Developing an understanding of the interior structure of Venus and its current level of geologic activity, particularly the nature and frequency of volcanic and tectonic events, are high priority goals of NASA’s planetary exploration program (VEXAG GOI, 2019; Decadal Survey, 2011). A network of seismometers could achieve these goals, but the desired observation period of at least weeks far exceeds the ~1-hour lifetimes of previous landers in the harsh Venusian surface conditions. NASA Glenn Research Center (GRC) has been engaged for many years in development of high-temperature electronics with the goal of enabling deployment of long-lived instruments on the Venus surface. They are working through various aspects of instrument design and testing for a seismometer (Figure 1). Current design indicates that instrument performance will have a variety of limitations and restrictions. In particular, the instrument will likely be battery powered with little or no memory capability, and both data transmission and continuous operation will rapidly expend the battery. Part of the design process is testing various approaches to solve these problems against anticipated seismicity. This pilot project is designed to fill a need for a catalog of analog seismic events and the ability to evaluate how well those events can be characterized with proposed instrument hardware/software designs. The proposed work is for an eight-week, single-investigator project to 1) develop a catalog of potential Venus-analog seismic events using the software and data archive of the Alaska Earthquake Center (AEC) at the Geophysical Institute (GI), University of Alaska Fairbanks (UAF), and 2) assess the results from applying simple filters and trigger mechanisms that represent potential instrument design limitations. The PI has over three decades experience as a geophysicist studying the planet Venus and began his career in reflection seismology, but he has minimal experience in earthquake seismology. Consistent with the design of the Research Initiation Grant program, the PI will gain knowledge/experience working the AEC’s software and data catalog. This project will establish initial GI-GRC ties and serve as a “proof-of-concept” project for larger NASA research, instrument-development, and mission proposals.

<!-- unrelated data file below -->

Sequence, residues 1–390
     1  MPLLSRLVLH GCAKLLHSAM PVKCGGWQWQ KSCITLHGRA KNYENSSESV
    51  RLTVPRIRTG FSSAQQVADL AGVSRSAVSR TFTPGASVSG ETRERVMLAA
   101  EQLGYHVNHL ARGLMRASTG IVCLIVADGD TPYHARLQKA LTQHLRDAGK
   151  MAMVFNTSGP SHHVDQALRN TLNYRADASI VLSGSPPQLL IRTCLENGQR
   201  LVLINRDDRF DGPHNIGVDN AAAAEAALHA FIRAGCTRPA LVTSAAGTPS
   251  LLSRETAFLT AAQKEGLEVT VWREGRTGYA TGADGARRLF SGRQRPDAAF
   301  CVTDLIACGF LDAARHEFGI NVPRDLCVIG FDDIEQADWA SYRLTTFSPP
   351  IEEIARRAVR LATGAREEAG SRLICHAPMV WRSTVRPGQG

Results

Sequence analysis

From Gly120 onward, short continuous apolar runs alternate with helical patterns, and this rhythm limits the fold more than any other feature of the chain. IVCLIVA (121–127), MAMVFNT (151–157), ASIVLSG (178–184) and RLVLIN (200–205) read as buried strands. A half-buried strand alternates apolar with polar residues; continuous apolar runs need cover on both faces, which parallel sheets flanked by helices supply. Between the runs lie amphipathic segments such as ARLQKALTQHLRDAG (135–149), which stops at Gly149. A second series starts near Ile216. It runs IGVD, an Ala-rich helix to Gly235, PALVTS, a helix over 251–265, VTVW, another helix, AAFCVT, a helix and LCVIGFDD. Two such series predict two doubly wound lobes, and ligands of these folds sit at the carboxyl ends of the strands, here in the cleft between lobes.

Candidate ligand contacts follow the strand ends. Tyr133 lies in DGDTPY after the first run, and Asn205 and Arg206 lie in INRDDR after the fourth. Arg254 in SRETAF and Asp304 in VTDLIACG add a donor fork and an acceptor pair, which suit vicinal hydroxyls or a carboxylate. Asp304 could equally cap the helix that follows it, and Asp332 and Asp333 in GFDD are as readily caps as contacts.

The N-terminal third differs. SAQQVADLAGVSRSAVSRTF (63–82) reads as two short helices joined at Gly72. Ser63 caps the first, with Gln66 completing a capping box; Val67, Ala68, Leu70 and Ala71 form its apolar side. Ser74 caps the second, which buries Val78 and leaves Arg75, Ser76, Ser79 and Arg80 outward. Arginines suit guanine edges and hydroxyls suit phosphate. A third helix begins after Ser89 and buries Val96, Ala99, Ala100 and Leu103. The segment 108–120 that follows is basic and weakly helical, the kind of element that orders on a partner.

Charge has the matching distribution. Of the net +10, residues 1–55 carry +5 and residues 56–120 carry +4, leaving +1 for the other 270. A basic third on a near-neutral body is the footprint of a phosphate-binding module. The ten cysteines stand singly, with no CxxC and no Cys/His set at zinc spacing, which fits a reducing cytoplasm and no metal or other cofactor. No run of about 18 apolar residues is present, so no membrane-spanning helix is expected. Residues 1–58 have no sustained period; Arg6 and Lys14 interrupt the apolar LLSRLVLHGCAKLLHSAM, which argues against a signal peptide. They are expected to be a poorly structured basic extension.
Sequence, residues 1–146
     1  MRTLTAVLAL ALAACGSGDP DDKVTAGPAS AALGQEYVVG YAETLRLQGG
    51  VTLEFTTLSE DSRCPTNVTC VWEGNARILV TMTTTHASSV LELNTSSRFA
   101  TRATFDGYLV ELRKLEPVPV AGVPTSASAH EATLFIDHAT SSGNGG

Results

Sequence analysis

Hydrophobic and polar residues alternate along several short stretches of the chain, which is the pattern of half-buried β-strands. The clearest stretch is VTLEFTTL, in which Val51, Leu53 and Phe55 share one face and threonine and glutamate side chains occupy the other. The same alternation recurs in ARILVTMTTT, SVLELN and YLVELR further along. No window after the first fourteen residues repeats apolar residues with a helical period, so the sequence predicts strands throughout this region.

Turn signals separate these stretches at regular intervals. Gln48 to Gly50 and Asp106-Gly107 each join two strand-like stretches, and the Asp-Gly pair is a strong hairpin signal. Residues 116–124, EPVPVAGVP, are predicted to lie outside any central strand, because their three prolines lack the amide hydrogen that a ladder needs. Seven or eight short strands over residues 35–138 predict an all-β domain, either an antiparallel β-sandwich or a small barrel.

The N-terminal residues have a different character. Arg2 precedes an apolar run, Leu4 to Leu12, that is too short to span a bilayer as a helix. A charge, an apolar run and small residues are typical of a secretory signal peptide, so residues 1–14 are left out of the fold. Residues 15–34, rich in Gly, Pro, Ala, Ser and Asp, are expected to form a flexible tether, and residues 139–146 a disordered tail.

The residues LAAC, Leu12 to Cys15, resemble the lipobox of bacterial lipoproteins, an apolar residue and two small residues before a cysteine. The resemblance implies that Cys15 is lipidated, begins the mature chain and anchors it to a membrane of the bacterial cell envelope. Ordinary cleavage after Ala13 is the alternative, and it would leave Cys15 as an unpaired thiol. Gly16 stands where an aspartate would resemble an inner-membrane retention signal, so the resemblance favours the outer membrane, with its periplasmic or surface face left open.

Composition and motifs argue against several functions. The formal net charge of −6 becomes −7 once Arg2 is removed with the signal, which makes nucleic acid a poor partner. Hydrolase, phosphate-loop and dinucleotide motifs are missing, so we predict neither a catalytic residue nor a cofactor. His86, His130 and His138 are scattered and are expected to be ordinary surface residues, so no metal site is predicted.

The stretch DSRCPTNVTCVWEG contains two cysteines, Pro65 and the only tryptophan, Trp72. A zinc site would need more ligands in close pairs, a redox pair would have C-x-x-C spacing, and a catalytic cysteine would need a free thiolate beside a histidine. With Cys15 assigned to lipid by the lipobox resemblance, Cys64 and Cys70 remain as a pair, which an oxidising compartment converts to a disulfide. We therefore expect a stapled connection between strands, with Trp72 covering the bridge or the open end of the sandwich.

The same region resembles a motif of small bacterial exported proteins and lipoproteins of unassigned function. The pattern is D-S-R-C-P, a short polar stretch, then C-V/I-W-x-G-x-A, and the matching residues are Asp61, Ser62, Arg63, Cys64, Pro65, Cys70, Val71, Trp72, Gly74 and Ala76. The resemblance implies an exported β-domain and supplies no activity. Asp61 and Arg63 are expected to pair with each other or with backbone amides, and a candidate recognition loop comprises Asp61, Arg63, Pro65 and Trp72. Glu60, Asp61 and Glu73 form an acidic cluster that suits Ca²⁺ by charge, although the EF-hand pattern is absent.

PROJECT: InSAR -based mapping and geophysical investigation of landslides along the Alaska Highway Corridor, Tetlin Junction to Northway Junction, Alaska